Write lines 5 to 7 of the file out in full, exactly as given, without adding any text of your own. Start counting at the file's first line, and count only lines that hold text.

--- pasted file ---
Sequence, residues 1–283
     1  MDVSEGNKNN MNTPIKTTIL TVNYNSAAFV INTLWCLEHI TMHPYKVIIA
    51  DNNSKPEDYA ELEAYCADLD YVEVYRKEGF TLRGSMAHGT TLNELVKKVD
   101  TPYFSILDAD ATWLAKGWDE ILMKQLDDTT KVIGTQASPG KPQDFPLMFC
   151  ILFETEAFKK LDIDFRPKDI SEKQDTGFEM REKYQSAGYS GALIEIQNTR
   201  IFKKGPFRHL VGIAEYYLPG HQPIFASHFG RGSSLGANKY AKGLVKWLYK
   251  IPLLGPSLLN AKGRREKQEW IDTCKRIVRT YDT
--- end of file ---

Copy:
   151  ILFETEAFKK LDIDFRPKDI SEKQDTGFEM REKYQSAGYS GALIEIQNTR
   201  IFKKGPFRHL VGIAEYYLPG HQPIFASHFG RGSSLGANKY AKGLVKWLYK
   251  IPLLGPSLLN AKGRREKQEW IDTCKRIVRT YDT